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Showing posts from April, 2014

A New Adventure

This morning, I officially accepted the position as National Sanitation Coordinator for Peace Corps Panama! I will be living on the western side of the country, supporting current latrine projects and assisting current PCVs to prepare, manage, and sustain sanitation projects. It is a unique opportunity because it is a job that the Panama has not had for quite some time, and they are hoping to make it a permanent position.

The bottom line? I will be here in Panama until October 11, 2014.

I am still sad about the evacuation from my old site and can't wait to see my community again for my goodbye party in May, but I am also very excited about this opportunity. It is a way to continue the work I have been doing in a more stable region, and to further develop the Environmental Health program, so that one day in the future when Peace Corps is allowed to return to my region, they will be trained and ready to pick up where all of us have left off.

On a personal note, it will also give me …

Becoming Homeless

On Tuesday, March 18th there was a security incident related to drug trafficking in the Comarca. On Thursday, March 20th I left Playona. On Monday, March 24th, the 6 of us PCVs in the area requested a meeting with the PC office to talk about it. They assured us that it was an isolated incident, that our security was their top priority, and that they would look into the situation further. In a follow up meeting on Wednesday, March 26th, they said the the border police, US embassy, and the PC office would be doing 3 separate investigations and evaluations of the area and that we all needed to be out of site until April 7th in order to give them time to assess the area. Our impression as Volunteers was still that we would be cleared to go home on the 7th.

In the meantime, we finished our Close of Service conference, enjoyed a long weekend in paradise in San Blas, returned to the city long enough to do laundry, and then traveled down to the Azuero Peninsula to distract ourselves on the Pa…

An Unexpected Ending

“In the end, though, maybe we must all give up trying to pay back the people in this world who sustain our lives. In the end, maybe it's wiser to surrender before the miraculous scope of human generosity and to just keep saying thank you, forever and sincerely, for as long as we have voices.”  -Elizabeth Gilbert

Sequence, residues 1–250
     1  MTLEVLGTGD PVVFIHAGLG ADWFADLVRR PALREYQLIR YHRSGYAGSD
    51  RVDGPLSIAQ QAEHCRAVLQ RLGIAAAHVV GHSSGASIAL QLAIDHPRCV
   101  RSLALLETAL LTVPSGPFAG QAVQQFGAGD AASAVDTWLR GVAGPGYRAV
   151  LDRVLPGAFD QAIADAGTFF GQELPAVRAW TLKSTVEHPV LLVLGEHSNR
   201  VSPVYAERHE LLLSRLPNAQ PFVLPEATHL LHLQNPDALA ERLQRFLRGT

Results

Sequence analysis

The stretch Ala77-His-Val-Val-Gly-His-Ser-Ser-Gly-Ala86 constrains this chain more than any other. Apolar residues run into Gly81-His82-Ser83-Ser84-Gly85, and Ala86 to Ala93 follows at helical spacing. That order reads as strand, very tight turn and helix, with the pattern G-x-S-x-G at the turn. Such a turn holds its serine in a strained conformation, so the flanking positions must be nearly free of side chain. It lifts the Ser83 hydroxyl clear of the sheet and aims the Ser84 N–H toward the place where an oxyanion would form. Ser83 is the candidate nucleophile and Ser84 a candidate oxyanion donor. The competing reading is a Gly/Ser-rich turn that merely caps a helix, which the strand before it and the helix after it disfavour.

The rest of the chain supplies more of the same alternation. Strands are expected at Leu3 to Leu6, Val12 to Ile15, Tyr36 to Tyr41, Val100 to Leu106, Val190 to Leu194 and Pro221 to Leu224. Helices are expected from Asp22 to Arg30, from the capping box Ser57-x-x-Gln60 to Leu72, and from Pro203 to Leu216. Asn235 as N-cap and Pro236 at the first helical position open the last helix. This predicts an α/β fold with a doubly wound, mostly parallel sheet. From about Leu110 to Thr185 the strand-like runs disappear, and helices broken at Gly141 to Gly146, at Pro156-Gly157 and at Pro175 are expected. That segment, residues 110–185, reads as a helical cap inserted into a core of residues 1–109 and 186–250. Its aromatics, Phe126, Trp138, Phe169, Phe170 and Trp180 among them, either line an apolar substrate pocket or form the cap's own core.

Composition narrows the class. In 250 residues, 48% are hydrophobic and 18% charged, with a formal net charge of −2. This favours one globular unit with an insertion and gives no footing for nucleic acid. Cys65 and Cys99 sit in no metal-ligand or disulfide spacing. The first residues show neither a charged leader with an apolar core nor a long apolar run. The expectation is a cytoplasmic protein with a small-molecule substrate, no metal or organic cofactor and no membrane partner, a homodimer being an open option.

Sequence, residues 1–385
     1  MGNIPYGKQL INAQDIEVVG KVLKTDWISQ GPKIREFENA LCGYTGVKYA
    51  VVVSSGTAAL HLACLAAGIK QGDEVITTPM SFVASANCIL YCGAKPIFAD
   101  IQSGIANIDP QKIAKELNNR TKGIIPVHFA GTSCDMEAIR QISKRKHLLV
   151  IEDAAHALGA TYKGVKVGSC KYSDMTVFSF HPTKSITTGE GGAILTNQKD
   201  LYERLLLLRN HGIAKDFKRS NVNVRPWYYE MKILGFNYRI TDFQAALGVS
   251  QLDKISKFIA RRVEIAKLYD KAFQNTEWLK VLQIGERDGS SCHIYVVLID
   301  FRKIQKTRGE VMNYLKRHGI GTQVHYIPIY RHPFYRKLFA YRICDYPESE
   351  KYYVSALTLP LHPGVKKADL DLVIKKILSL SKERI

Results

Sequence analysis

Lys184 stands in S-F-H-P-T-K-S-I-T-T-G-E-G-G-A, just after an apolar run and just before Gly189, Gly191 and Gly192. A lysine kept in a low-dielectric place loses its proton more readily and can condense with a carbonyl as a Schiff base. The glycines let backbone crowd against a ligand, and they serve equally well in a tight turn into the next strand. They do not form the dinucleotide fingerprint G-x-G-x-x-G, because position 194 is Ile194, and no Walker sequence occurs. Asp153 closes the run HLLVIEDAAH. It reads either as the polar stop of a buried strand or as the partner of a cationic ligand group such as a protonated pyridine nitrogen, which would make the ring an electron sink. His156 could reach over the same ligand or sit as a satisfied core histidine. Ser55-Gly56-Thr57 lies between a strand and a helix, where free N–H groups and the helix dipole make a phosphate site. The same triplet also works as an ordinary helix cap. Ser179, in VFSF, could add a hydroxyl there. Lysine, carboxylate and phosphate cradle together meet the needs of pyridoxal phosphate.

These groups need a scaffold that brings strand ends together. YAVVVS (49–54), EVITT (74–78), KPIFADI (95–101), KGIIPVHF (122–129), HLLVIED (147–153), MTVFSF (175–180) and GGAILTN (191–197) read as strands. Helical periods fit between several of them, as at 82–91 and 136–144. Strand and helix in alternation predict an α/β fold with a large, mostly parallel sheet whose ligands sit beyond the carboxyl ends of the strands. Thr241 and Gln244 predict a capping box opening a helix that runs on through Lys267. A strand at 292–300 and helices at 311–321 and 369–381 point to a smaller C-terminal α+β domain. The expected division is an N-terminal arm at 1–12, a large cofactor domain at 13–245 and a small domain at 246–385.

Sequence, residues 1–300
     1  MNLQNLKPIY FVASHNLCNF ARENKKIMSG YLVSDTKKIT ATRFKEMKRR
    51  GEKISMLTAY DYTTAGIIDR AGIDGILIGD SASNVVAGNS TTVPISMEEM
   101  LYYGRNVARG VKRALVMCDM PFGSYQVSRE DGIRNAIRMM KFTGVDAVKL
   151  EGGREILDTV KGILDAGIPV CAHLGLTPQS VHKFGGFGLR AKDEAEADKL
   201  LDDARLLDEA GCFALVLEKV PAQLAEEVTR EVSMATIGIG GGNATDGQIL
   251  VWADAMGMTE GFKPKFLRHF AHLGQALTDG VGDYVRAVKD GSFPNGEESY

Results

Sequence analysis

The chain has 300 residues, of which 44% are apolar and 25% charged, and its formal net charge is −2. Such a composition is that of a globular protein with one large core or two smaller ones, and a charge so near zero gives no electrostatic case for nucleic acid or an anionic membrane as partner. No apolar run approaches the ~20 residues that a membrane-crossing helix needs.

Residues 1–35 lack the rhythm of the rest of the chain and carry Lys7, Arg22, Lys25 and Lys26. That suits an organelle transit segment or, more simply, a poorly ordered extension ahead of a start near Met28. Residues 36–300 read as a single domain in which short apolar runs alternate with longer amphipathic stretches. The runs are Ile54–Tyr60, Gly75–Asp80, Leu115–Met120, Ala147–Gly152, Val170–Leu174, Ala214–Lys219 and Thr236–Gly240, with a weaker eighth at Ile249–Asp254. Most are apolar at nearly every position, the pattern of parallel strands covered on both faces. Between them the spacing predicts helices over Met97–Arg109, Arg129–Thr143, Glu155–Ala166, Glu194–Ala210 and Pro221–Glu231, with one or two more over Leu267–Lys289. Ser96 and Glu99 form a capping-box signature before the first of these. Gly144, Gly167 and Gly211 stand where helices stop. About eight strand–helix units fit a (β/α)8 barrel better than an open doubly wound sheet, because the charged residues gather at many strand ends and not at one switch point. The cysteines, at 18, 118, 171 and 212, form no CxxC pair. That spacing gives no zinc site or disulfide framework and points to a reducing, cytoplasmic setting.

On March 19, 2014, my friend Ken, a fellow PCV visiting my site to help me form an Ultimate Frisbee team, woke up at 6AM and went out to my porch hammock to read. I laid in bed half sleeping, half listening to the morning noise of my community- people walking to the river for their morning bathe, kids chasing each other with buckets sent to haul water for the house, the sounds and smells of my neighbors cooking. It was a cold morning, I was curled up in my fleece sleeping bag. It was probably 78 degrees Fahrenheit, but with the dry season's lack of humidity, that was pretty cold! I finally got myself out of my warm blanket and mosquito net, stumbled out to my porch, tr…

Kechu'

(That's Panamanian for ketchup.)

So let's catch you up on life. Like I said, I wrote a bunch of stories out that are now locked in my tablet until I return to the US in a few months and get the charging port on it fixed. In the mean time, life goes on.

I spent nearly the entire month of January in the city with a skin infection on my leg and figuring out the legal stuff with the lost check. On the 22nd we had a regional meeting and then after that we went on a couple day hike up to a peak in the Darien. I spent 2 nights in the Darien wearing a hoodie, being chilly. CHILLY. I never imagined it was possible. It was beautiful up there! I went immediately from there to PCV Ben's site to help him and his community build their very first composting latrine! Seeing the idea planted into a new community's brain and hearing that rumors about my project had reached them was definitely a major highlight of my service.

February came and went before I had a chance to even flip the …